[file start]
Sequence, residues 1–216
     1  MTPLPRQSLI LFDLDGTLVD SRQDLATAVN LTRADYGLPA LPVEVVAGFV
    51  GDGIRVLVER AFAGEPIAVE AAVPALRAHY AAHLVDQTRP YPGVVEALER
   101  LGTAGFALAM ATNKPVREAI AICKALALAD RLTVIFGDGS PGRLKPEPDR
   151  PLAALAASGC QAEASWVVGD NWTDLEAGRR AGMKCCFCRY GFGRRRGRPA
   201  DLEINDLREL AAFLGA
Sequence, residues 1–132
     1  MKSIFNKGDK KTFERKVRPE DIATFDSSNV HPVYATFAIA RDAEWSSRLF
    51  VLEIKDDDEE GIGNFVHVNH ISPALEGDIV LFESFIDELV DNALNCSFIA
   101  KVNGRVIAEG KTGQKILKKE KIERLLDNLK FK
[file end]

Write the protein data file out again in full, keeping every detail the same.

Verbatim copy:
Sequence, residues 1–216
     1  MTPLPRQSLI LFDLDGTLVD SRQDLATAVN LTRADYGLPA LPVEVVAGFV
    51  GDGIRVLVER AFAGEPIAVE AAVPALRAHY AAHLVDQTRP YPGVVEALER
   101  LGTAGFALAM ATNKPVREAI AICKALALAD RLTVIFGDGS PGRLKPEPDR
   151  PLAALAASGC QAEASWVVGD NWTDLEAGRR AGMKCCFCRY GFGRRRGRPA
   201  DLEINDLREL AAFLGA
Sequence, residues 1–132
     1  MKSIFNKGDK KTFERKVRPE DIATFDSSNV HPVYATFAIA RDAEWSSRLF
    51  VLEIKDDDEE GIGNFVHVNH ISPALEGDIV LFESFIDELV DNALNCSFIA
   101  KVNGRVIAEG KTGQKILKKE KIERLLDNLK FK